Study: Arnhem Central Station Platform Seating
This article examines the materiality of the wooden benches on the waiting platforms at Arnhem Central Station, designed by UNStudio. The platform seating forms a small-scale sub-project in UNStudio’s greater Arnhem Central Masterplan. The following article, compiled by our Materials Platform, aims to provide an insight into the design and fabrication process with regards to the bending and processing of wood and the application of protective nano-coatings. Two key aspects present throughout the design process and manufacturing preparations include: bending wood to test its material properties and capacities and experimenting with nano-coatings to balance physical protection and preserving the natural aesthetics.
The wooden benches are designed as an integral part of the V-columns that support the Arnhem Central Station platform roofs. This means that the number of separate seating elements, which can become obstacles, can be minimised. The wood that has been selected for these seating elements is Louro Gamela.
Louro Gamela and Louro Amarelo are Forest Stewardship Council certified woods. These types of wood come from the Brazilian Amazon and have a lot in common with hardwoods with respect to their durability. They have a lower density than hardwoods, but their cells are sealed off by a natural wax. This prevents degradation by moisture and water, but it also takes longer to dry the wood before it can be further processed. Louro Gamela is also selected for the benches in the platform tunnel and the facade/interior of the service building. The surface shows minimal veining and substantially consistent colour.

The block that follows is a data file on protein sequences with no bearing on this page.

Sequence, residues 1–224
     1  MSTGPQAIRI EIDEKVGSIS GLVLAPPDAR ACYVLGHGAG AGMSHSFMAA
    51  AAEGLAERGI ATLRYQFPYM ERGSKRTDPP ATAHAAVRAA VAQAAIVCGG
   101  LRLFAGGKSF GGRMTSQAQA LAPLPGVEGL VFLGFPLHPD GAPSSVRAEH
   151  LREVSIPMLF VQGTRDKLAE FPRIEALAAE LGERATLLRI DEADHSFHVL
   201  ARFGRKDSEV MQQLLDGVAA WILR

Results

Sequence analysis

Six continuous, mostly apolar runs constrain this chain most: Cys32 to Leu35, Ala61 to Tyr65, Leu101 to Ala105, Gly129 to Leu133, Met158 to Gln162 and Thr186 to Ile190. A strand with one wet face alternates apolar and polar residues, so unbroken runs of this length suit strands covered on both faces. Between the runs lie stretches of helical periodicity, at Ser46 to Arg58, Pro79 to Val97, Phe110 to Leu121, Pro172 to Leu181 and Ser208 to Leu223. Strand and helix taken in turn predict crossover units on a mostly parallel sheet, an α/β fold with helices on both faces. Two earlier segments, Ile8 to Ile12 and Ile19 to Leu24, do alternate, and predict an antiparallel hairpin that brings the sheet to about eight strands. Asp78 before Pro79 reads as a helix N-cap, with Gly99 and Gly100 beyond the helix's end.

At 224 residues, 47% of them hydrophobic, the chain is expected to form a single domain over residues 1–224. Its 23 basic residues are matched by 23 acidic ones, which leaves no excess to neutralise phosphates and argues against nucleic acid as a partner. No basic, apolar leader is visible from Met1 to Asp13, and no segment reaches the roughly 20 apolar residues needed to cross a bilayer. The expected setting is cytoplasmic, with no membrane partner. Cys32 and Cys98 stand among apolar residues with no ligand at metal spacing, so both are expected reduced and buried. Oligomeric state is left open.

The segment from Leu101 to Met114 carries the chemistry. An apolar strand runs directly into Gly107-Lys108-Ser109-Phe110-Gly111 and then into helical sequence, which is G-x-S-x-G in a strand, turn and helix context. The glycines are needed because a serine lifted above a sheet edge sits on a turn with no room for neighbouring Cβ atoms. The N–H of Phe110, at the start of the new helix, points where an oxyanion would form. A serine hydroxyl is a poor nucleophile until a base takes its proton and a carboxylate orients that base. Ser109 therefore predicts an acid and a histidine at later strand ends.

These and other, more exotic woods are imported by Precious Woods, who can readily provide more information and material samples for testing procedures.
In an intensively used environment with heavy traffic – such as a train station – surfaces need to be durable and easy to maintain and clean. Destructive factors include dirt, moss, mechanical damage and discoloration by UV-light.
In order to protect the wooden benches at Arnhem Central Station, various lacquers, ‘low-pigment paints’ and nano-coatings were tested. The lacquers and paints, however, were found to give the wood a glossy, unnatural finish and are difficult to repair. In addition, when ‘assaulted’ with waterproof markers, special chemicals are required to clean the surface, or alternatively, the coating needs to be lightly sanded and reapplied. This is not an ideal situation in a heavily trafficked environment.
Ultimately, a multi-layered nano-coating gave the ideal results for the wooden benches. Such nano-coatings are easily applied by brush or spray and seep deep into porous materials. Because of the natural wax present in Louro Gamela, the coating only permeates the top 4-5 millimeters of the wood. With other materials however, such as concrete or natural stone, this impregnation can increase to 10-15 millimeters, depending on the porosity of the material. Once applied, the coating dries quickly and as it is colourless (and not a top-coating) the wood maintains its natural colour and texture.